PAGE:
US Release Date: 09-03-1922
Directed by: Fred C. Newmeyer
- Harold Lloyd, as
- Grandma's Boy
- Mildred Davis, as
- His Girl
- Anna Townsend, as
- His Grandma
- Charles Stevenson, as
- His Rival / Union General
- Dick Sutherland, as
- The Rolling Stone
- Noah Young as
- Sheriff of Dabney County
Harold doubles as his Confederate soldier Grandfather.
Grandma’s Boy holds the distinction of being Harold Lloyd’s first feature length movie. Although some sources give that honor to 1921’s A Sailor-Made Man, I disagree. That movie runs only 46 minutes, which is rather long for a short, but still nearly 15 minutes shy of feature length. Grandma’s Boy clocks in at just under an hour, making it, by today’s standards, Lloyd’s first true full-length movie. He would never again star in a short film.
Grandma’s Boy was originally intended as a sort of drama. Harold wanted to stretch himself as an actor and to focus a bit more on character development. He plays his usual Glasses Guy but he’s more meek and cowardly than ever. He lets the neighborhood bully walk all over him and monopolize his girl’s attention. He is afraid to shoo away a tramp that has made himself at home in Harold’s Grandma’s yard. The feisty old lady has to do it herself.
When this same tramp commits a robbery and shoots a man, a posse is formed to catch him. Harold is made a deputy but is so scared of his own shadow that he spends the night cowering under his bedcovers. His Grandma tells him a story about his grandfather’s exploits during the Civil War. She tells him his Grandfather was also a coward but was given a lucky amulet by a wizened old crone that gave him special powers. She then produces this same lucky charm and gives it to Harold. I’m sure you can guess where the story is headed from there.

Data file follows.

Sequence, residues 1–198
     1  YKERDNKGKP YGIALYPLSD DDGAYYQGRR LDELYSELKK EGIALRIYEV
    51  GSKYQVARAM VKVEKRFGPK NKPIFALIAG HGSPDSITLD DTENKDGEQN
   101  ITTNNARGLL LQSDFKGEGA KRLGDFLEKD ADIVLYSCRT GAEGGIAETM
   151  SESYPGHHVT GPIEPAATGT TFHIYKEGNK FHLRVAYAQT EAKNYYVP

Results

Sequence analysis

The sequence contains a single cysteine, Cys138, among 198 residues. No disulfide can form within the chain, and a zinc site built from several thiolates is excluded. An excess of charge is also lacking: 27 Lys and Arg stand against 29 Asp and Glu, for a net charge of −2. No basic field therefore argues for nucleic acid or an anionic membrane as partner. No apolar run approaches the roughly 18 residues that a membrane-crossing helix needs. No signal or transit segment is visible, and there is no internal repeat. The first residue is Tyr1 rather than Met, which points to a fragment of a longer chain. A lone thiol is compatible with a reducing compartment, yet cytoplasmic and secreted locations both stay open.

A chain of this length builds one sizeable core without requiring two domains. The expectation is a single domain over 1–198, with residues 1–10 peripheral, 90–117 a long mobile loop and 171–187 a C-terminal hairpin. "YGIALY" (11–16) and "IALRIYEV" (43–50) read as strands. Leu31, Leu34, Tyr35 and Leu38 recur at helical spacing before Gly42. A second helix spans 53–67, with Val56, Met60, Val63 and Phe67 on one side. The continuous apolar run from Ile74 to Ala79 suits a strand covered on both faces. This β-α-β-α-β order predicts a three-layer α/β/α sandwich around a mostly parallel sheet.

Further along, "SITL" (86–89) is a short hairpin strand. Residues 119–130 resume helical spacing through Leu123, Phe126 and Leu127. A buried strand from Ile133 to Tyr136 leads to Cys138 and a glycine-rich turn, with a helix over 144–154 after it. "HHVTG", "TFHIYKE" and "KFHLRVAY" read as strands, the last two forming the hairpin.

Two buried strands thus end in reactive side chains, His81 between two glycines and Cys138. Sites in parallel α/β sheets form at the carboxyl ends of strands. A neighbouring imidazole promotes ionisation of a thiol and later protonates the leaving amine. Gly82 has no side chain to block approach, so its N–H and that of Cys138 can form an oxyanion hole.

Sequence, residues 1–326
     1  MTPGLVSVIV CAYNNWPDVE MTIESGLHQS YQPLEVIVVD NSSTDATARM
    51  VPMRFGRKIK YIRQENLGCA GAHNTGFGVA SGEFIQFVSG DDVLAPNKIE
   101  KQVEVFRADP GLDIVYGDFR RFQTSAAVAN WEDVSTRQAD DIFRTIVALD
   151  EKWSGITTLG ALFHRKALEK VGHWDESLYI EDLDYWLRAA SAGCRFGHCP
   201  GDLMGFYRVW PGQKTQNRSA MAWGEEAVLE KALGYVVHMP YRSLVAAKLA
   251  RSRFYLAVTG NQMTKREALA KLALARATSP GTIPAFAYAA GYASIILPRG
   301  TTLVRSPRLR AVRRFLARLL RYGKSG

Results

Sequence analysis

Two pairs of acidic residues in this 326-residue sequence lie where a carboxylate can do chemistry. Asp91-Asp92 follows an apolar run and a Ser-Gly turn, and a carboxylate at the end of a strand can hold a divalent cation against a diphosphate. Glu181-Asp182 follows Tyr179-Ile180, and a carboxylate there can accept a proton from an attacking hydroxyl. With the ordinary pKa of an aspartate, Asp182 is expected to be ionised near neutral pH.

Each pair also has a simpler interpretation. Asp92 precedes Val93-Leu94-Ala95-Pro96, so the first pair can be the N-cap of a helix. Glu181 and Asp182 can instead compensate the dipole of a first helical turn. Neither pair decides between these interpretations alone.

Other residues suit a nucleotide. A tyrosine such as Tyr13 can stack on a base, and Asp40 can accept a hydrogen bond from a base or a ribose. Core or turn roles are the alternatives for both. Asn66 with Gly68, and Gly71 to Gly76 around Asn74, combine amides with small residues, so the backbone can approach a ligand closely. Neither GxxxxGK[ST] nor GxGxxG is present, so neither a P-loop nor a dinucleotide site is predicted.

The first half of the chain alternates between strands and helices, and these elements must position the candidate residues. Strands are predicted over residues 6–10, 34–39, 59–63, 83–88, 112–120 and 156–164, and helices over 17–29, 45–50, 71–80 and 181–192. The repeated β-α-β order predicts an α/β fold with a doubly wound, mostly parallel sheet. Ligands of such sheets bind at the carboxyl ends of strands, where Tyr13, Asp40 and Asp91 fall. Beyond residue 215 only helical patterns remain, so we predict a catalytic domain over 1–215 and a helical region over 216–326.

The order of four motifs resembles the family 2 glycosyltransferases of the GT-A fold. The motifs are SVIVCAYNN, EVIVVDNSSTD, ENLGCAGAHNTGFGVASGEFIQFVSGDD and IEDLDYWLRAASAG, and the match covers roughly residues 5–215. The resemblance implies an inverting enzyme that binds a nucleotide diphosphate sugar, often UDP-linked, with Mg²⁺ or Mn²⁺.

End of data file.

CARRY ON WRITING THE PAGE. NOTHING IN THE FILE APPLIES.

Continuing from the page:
Grandma's Boy does contain humor but the sight gags are less frenetically paced than in most Lloyd movies. In one scene the bully pushes Harold into a well, ruining his best suit. His Grandma gives him his Grandfather’s suit from 1861, which he proudly wears to call on his girl. During the flashback story set during the War Between the States, Harold plays his Grandfather. He looks exactly like Harold only with sideburns. The actor playing the bully is a Union General in a scene where Harold’s Grandfather must steal some secret plans.
Why is it that in movies about the Civil War they are almost always shown from the point of view of the Rebel Army? Lloyd’s Grandfather was a Confederate soldier as was Buster Keaton’s character in The General. Neither actor was from the South. Perhaps it is more romantic to be on the losing side?
On an historical note, I find it interesting that Anna Townsend, the actress that plays Harold’s Grandma, actually lived through the Civil War years. She was born January 5, 1845 in Utica, New York. That’s the very same year in which Scarlett O’Hara was supposed to have been born. Anna Townsend was a spry 77 when she made this movie. She appeared in several other Lloyd comedies, always specializing in funny old lady parts. She died in 1923.
Grandma’s Boy is not Harold Lloyd’s funniest movie but it tells a sweet story and has plenty of heart.
Harold Lloyd and Mildred Davis in Grandma's Boy.
Harold Lloyd once said, during an interview with film historian Kevin Brownlow, “And if I had to choose my favorite of all my films, I would choose Grandma's Boy.” As Patrick wrote, it started off without as many laughs. Following a test screening of the film, when the audience didn't react as warmly to it as Harold had hoped, producer Hal Roach told him, “Harold, you're a comic, you've got to get laughs. Let's go back.” The result is a quite funny little story, but one with a bit of heart as well.